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Old 02-25-2013, 06:13 AM   #1
pkbinder OP
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Brake question

I am a thoroughly qualified contender for World's Worst Mechanic. I can take the simplest task and turn it into a conundrum like nobody else.
So I figure I can change my rear brake pads. Out comes the little pin, tap out the larger pin, take out the old pads, no problem. I expand the caliper and push in the piston with my tire iron just like Helge Pederson does on his video. The problem comes when I try to put the new pads in. The "piston" side. or the left side went in fine, but I had to actually remove the wheel to get the right side pad in, and now the wheel barely turns. You have to muscle the rear wheel (up on the center stand) to get it to turn at all. That aint right, right? Somebody suggested bleeding the brake lines, which I don't feel qualified to do. Any help?
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Old 02-25-2013, 07:48 AM   #2
It'sNotTheBike
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It sounds like this bike uses a "sliding" caliper
( some people call this "floating" instead of
sliding )


Anyway, a sliding caliper has a piston ( or pistons ) on one
side only and the caliper itself must slide laterally in order for
clamping force to be applied to both sides of the brake rotor.


It sounds like you need to slide the caliper back to the
position it needs to be in when new pads are installed.
Often the pins on which the caliper slides get sticky and
need to be lubricated. Usually some MOS2 grease is the
choice for this BUT I hesitate to recommend this because
BMW may have specified some other lubricant. Anyway,
you need to slide the caliper such that the pads on both sides
have proper clearance with respect to the rotor
( rotor = brake disc ).



It is wiser to let a pro do the work on systems which are critical
to safety, if you don't know what you are doing. Internet forums are
no substitute for knowledge and basic competency, especially when
there is no way to even determine whether advice you find on such
forums is good or bad information. ( for example, I don't have a
BMW 800 so maybe I missed giving you some critical info in what
I wrote above )


It would be prudent to have your work checked out by a pro
before you ride the bike on a public road.


.

It'sNotTheBike screwed with this post 02-25-2013 at 08:02 AM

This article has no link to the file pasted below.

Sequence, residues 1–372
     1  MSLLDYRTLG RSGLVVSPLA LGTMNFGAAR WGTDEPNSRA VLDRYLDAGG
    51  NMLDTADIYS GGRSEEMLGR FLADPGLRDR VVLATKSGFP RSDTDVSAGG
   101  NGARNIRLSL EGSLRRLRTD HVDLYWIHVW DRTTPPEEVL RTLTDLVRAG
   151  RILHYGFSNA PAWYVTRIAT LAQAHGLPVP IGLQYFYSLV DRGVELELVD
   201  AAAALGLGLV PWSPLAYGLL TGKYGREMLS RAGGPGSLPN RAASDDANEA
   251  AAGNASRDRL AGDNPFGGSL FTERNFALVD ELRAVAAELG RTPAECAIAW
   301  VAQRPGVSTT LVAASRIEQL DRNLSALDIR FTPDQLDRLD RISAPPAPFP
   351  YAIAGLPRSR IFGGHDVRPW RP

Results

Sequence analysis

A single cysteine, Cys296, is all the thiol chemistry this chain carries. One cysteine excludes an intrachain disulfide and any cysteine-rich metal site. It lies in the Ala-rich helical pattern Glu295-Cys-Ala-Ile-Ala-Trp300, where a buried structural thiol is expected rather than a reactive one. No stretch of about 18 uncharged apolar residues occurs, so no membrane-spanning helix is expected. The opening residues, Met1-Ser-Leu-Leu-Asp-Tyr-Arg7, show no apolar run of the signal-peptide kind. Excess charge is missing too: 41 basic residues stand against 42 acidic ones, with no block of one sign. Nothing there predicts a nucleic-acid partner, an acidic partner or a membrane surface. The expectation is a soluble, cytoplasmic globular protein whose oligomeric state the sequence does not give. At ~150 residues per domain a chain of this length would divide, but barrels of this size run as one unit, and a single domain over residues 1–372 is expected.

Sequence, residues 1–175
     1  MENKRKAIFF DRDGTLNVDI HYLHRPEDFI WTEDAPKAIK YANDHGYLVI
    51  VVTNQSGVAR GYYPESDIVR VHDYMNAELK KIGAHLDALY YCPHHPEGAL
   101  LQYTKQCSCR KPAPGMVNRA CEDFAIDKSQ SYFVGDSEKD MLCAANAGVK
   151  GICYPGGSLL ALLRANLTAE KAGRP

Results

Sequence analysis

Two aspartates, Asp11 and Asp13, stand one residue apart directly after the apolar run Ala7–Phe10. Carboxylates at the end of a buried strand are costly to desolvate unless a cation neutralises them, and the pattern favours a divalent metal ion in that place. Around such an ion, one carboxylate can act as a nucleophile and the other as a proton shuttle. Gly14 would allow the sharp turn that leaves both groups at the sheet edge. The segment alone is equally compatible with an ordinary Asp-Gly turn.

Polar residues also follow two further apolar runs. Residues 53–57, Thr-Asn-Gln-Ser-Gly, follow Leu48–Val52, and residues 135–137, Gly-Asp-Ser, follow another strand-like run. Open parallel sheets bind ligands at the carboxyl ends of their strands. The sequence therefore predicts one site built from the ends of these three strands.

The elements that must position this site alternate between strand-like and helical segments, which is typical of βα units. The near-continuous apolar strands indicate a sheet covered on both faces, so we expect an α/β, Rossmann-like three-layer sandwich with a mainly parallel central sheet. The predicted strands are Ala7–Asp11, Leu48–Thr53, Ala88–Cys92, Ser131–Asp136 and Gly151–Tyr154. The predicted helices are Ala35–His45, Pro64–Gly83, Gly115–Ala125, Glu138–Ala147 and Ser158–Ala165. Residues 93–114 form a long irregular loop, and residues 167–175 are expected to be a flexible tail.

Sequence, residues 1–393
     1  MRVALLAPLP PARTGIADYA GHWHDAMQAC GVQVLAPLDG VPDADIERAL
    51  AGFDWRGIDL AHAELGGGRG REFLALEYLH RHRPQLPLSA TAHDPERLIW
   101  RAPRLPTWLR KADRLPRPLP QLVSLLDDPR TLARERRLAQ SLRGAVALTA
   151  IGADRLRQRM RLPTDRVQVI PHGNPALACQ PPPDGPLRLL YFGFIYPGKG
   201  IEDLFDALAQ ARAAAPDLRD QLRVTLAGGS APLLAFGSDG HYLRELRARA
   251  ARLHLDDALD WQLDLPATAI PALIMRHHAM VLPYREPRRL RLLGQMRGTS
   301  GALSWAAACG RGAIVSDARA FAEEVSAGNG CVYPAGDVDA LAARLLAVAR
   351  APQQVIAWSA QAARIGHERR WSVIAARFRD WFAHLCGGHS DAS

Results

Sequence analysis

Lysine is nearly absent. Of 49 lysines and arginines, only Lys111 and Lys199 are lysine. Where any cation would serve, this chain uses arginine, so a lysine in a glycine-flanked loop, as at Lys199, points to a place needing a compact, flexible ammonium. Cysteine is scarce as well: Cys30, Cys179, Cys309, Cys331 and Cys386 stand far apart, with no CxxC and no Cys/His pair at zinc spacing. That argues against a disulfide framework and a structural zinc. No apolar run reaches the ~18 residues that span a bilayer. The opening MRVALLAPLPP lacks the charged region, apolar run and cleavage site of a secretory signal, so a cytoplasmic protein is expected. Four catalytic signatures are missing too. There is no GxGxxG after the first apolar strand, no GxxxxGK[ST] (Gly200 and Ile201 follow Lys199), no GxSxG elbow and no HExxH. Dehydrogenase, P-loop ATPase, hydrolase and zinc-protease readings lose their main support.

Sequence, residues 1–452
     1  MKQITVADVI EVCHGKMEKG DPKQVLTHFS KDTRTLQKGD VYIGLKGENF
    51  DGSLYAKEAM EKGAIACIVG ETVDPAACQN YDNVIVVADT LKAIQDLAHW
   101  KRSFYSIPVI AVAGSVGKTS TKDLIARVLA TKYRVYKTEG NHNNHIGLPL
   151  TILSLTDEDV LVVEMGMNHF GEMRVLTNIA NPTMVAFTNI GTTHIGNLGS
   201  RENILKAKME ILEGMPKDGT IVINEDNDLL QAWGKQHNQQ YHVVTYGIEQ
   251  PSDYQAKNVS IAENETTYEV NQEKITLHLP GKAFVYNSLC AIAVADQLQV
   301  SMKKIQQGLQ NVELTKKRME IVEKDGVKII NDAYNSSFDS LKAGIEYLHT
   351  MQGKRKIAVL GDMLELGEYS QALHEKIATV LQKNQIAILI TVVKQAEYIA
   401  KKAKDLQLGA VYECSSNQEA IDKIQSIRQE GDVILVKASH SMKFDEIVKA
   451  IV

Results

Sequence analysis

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Old 02-25-2013, 09:34 AM   #3
itsatdm
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It is a sliding pin caliper. It looks like it is all of 1 piece but is not. Place the palm of your hand on the outside of the caliper and push towards the center of the wheel.

There will be some resistance from brake fluid being pushed from a cylinder, but it will move the offside pads away, unless the slider pins are rusted up.

To lubricate the pins completely requires removing the wheel and separating the caliper. Not needed on every pad change unless you find the pads dragging or resisting being compressed.

Don't forget to press the brake pedal to get feel back before motoring off.
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itsatdm screwed with this post 02-25-2013 at 12:27 PM
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Old 02-25-2013, 11:41 AM   #4
pkbinder OP
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Thank you gentlemen. I will find someone qualified to lube up my calipers. pk
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Old 02-25-2013, 11:54 AM   #5
itsatdm
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Can't get the off side pad to move? Got a lot of miles? sit in the rain?. Rusted up?

If none of the above try pushing the caliper away. If it moves it will allow the wheel to spin. Pump up the brakes and see if they stick again or release.

In a perfect world the pins should get lubed. I don't know what the manual says about it. They are pretty well sealed with rubber gaiters. I bet most DIY riders don't until they cause a problem. The most likely happening is that they won't release. A lot of pressure is exerted to squeeze them. None to release.

Got a manual, it is not that hard. Take the wheel off. The bracket for the caliper has one pin into the caliper. The Caliper has a second pin that goes into the bracket. Unless you have some rust or grime they will pull apart exposing the pins.

If not confortable have some one who knows do it.
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itsatdm screwed with this post 02-25-2013 at 12:36 PM
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Old 02-26-2013, 05:53 AM   #6
JRWooden
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Did you take the lid off of the reservoir and suck some fluid out ...
When you push the piston back in the caliper the fluid has to head back through the system some times so much fluid has been displaced that if the cap is on you can not move the piston the entire distance needed.
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